We aren't giving away rights, we just want to leave the EU

The honeymoon period as a new MP is now well and truly over and we have been getting down to the serious business of getting Brexit done.

Friday, 17th January 2020, 8:00 am
Updated Friday, 17th January 2020, 8:00 am
Bassetlaw MP Brendan Clarke-Smith outside 10 Downing Street.

The Withdrawal Agreement Bill has now been voted through the Commons and once it has passed through the House of Lords it should receive Royal Assent and mean Britain leaves the European Union on January 31.

It filled me with a great sense of pride to have played my part in getting this done and it was also my promise to the people of Bassetlaw.

Since then I’ve had a number of messages and comments online asking me why I have voted to take rights away from child refugees, voted against giving people the right to study in Europe using the Erasmus scheme and voted to take workers’ rights away.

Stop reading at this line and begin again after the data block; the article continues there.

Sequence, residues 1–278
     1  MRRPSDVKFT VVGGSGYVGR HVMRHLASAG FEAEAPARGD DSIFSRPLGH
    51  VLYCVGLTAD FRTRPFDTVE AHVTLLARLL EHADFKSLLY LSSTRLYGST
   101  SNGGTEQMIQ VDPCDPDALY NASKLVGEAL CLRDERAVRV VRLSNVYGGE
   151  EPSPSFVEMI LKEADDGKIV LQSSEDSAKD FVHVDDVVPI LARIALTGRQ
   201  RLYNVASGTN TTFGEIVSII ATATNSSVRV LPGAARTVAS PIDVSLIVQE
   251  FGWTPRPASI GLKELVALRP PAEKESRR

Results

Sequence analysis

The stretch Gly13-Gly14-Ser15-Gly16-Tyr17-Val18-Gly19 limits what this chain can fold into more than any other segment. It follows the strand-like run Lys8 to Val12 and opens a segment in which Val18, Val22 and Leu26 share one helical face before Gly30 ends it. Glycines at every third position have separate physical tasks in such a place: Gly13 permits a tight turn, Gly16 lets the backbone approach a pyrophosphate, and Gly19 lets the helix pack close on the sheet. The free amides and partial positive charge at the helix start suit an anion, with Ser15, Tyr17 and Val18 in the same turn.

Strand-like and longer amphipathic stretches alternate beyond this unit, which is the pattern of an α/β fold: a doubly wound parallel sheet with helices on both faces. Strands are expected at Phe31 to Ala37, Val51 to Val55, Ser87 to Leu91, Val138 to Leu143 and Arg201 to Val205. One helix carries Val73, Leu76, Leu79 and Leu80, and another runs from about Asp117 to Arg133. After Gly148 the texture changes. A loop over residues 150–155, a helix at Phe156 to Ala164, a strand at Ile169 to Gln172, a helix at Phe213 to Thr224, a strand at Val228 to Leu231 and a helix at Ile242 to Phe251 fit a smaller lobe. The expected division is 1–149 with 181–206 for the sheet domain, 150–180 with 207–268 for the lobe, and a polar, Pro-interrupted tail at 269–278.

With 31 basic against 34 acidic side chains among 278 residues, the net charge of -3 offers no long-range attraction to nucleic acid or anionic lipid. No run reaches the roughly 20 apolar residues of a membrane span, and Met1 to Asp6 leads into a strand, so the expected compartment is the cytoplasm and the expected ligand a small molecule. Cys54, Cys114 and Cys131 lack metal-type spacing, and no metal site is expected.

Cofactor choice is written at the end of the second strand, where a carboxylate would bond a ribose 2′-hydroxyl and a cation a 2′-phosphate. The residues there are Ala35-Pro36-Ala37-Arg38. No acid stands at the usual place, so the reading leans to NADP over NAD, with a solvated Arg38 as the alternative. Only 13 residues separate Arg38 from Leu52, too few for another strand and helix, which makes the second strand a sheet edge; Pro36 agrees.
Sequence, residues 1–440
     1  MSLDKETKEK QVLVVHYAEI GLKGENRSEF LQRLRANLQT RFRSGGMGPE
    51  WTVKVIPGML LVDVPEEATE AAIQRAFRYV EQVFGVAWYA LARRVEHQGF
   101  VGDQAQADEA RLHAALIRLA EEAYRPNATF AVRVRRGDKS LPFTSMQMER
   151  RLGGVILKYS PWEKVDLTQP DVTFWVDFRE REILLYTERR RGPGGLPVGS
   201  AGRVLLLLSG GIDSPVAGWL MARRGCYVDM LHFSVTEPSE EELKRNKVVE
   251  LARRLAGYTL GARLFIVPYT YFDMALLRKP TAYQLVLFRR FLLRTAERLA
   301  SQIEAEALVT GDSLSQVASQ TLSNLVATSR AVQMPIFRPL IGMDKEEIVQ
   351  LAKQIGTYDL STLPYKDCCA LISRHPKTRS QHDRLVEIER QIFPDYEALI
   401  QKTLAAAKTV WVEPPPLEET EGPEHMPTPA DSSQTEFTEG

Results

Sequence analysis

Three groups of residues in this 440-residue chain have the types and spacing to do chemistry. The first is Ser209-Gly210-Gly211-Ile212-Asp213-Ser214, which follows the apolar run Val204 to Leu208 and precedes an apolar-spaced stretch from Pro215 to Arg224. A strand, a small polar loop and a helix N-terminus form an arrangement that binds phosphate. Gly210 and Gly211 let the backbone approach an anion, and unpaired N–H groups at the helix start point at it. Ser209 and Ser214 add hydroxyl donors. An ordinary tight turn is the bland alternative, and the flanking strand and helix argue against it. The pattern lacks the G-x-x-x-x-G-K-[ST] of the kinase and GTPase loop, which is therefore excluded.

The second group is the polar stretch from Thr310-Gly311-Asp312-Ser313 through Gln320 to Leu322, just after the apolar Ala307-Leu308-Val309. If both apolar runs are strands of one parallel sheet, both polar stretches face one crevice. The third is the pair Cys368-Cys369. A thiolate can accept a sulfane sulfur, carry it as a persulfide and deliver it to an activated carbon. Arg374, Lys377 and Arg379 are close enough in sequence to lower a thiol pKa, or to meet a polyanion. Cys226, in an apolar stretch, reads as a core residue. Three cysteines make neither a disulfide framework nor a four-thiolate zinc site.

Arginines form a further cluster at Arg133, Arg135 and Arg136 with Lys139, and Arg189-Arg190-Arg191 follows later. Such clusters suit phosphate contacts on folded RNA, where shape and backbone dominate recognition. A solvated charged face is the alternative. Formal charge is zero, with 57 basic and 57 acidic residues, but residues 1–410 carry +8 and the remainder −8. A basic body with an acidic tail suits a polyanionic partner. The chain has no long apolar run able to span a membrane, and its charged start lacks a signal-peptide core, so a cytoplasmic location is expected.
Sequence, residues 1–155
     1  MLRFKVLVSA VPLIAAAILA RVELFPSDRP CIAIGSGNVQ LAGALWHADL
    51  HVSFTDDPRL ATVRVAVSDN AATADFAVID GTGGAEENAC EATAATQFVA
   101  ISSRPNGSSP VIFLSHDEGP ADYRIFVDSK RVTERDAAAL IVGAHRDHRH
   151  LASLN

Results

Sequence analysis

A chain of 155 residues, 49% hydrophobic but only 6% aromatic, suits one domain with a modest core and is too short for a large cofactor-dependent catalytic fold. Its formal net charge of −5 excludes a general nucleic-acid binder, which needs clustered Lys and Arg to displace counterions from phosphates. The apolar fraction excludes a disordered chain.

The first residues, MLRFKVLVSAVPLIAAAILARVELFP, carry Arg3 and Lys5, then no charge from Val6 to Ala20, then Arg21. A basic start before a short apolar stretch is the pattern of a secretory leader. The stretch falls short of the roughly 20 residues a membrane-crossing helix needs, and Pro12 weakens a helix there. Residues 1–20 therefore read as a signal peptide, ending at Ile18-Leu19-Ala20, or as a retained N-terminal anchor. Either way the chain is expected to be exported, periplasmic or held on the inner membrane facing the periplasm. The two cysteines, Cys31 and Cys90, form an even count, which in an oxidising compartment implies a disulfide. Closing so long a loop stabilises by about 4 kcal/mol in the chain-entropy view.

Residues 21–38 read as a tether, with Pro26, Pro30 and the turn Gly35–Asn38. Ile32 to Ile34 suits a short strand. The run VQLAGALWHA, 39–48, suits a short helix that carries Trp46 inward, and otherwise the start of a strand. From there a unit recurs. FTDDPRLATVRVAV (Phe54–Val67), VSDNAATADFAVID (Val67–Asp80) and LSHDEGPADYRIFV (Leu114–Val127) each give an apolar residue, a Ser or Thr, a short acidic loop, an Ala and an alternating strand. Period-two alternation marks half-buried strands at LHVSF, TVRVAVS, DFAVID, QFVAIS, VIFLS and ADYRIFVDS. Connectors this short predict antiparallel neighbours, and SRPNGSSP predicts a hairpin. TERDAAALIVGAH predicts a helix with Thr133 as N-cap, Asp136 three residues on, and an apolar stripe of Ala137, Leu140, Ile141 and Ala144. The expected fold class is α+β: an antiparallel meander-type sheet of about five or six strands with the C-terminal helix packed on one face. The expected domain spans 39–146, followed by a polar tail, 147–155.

The answer is that this is simply not true.

The Withdrawal Agreement Bill is designed take Britain out of the EU, that’s its only purpose.

The other issues are dealt with elsewhere and have nothing to do with Britain’s withdrawal from the EU, which is why I and my colleagues voted against all of the amendments put forward by the opposition parties.

It wasn’t because we don’t care about these issues, but because they simply don’t belong in the bill.

So why have these things become an issue?

Because unfortunately, they create a headline and politics is a dirty game sometimes.

On a happier note, I was invited to meet the Prime Minister at 10 Downing Street this week.

I also spoke for the first time in the House of Commons about the NHS and extra funding for Bassetlaw Hospital.

I’ve given hundreds of speeches before as a councillor and as a headteacher, but I will admit that I still felt a little nervous.

For the first time ever, all of the MPs in Nottinghamshire are Conservatives and we all met up this week to discuss how we can work together for the benefit of our county.

Perhaps the most nerve-wracking thing, however, was getting the application done to send my son to primary school for the first time.

I want to wish all parents and children the best of luck in getting their first choices.